High protein-Admission Jankari
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High protein

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Published : 18 Jul, 2011 By: Admission Jankari
  • The key function of the protein molecule, Hsp90, is to stabilise the regulatory systems which control the cells of our body. According to Laurence Pearl, who heads the School of Life Sciences at the University of Sussex, UK, an insight into the nitty-gritty of the structure of this protein can lead to the development of new drugs, which may be the answer to cancer.
        Pearl, also a professor of structural biology in the Genome Damage and Stability Centre at Sussex, explains that Hsp90 is a molecular ‘chaperone’ that stabilises and helps activate ‘client’ proteins involved in many of the main signalling and regulatory pathways in our cells, including some that are involved in cancer.
        “It is also becoming clear that many viruses use the host cell Hsp90 to help assemble their proteins and in some parasites the Hsp90 system is important for infection,” he says.
    Pearl and his team are trying to understand how particular client proteins associate with the Hsp90 system, and what Hsp90 does to them or for them that helps them attain their active state. Using biochemistry and structural techniques (such as X-ray crystallography and electron microscopy), Pearl and his team have been able to determine the atomic structure of Hsp90 and define a ‘motor’ activity that is driven by the energy molecule of the cell, ATP.
        “We have also been able to determine the structure of some of the cochaperones that co-operate with Hsp90 and help regulate it and define how they do this. The big questions that still remain to be answered relate to how Hsp90 and its co-chaperones interact with the client proteins,” he says.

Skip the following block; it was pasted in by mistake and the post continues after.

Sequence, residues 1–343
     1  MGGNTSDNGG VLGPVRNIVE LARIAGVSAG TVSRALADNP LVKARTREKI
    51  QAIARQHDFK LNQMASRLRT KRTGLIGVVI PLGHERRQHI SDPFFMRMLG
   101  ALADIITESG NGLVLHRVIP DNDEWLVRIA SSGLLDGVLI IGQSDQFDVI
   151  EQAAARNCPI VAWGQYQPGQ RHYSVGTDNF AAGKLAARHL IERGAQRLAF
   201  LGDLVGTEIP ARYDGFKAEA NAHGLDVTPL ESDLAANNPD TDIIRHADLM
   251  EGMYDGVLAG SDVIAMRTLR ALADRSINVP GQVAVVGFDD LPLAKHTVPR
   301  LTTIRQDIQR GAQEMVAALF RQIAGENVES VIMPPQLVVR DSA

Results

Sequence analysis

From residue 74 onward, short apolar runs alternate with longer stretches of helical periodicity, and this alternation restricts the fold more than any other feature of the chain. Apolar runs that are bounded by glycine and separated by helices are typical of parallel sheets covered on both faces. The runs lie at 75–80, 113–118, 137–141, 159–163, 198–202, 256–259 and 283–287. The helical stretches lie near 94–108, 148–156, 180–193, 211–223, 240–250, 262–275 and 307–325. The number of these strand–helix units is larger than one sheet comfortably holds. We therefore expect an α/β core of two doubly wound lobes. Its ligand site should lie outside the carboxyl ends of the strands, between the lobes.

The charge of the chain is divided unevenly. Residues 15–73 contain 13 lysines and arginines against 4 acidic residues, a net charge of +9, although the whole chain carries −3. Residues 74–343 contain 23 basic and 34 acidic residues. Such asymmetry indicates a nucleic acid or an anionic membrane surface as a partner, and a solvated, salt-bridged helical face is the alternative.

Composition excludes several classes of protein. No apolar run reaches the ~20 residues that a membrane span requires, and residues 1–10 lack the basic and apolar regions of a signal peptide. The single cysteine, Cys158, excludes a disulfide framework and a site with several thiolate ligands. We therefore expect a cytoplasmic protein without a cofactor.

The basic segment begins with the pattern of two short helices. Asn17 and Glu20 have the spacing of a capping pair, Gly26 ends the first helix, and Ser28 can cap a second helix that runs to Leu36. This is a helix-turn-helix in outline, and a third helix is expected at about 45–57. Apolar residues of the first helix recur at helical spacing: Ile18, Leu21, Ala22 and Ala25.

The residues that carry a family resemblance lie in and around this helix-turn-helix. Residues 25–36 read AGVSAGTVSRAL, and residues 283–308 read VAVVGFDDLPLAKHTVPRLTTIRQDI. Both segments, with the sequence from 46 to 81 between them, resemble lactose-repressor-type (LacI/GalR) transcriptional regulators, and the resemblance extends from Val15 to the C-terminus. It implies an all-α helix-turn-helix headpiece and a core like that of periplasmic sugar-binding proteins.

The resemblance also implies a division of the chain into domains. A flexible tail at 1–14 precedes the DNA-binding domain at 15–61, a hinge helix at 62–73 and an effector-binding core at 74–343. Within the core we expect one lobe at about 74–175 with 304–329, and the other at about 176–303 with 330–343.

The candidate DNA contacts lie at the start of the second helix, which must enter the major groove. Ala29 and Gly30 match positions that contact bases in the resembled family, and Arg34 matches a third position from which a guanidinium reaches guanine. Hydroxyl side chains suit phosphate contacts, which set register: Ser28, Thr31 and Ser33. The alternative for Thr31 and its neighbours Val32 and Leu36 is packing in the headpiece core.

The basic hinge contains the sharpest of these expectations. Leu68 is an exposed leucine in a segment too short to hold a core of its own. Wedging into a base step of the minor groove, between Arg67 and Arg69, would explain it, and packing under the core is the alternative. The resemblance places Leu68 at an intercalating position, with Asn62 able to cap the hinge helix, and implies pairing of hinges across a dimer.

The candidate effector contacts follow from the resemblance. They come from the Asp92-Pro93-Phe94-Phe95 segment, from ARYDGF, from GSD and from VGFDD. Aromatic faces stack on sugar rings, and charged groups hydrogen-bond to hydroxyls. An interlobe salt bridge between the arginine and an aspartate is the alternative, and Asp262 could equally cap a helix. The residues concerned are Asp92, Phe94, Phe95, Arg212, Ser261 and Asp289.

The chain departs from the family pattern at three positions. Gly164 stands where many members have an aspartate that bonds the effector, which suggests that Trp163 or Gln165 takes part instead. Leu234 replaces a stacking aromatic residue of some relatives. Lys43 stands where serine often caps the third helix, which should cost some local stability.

As to the challenges of such a project, Pearl says, it can only be carried out if we can make all the different proteins we wish to study in sufficient quantity and at very high levels of purity. Once this is achieved, the main challenge, he adds, is in getting the proteins and their complexes to crystallise so that certain experiments can be done to determine the atomic structures.
        The involvement of the Hsp90 system in many forms of cancer and in some viral and parasitic diseases has led to considerable interest in developing drugs that stop Hsp90 from working.
    As to the future agenda of the project, Pearl explains that the current focus is on obtaining atomic structures for a particular class of client proteins bound to the Hsp90 chaperone system.
        “These studies will allow us to define why some proteins need Hsp90 and some don’t and to start to design highly specific inhibitors that prevent some clients from accessing the chaperone, while allowing the system as a whole to continue to operate,” he sums up.
    The university and the team would require more qualified people to assist them in their research work. Hence, postgraduate students of life sciences and inter-related disciplines in India keen on research in such areas can apply to the university

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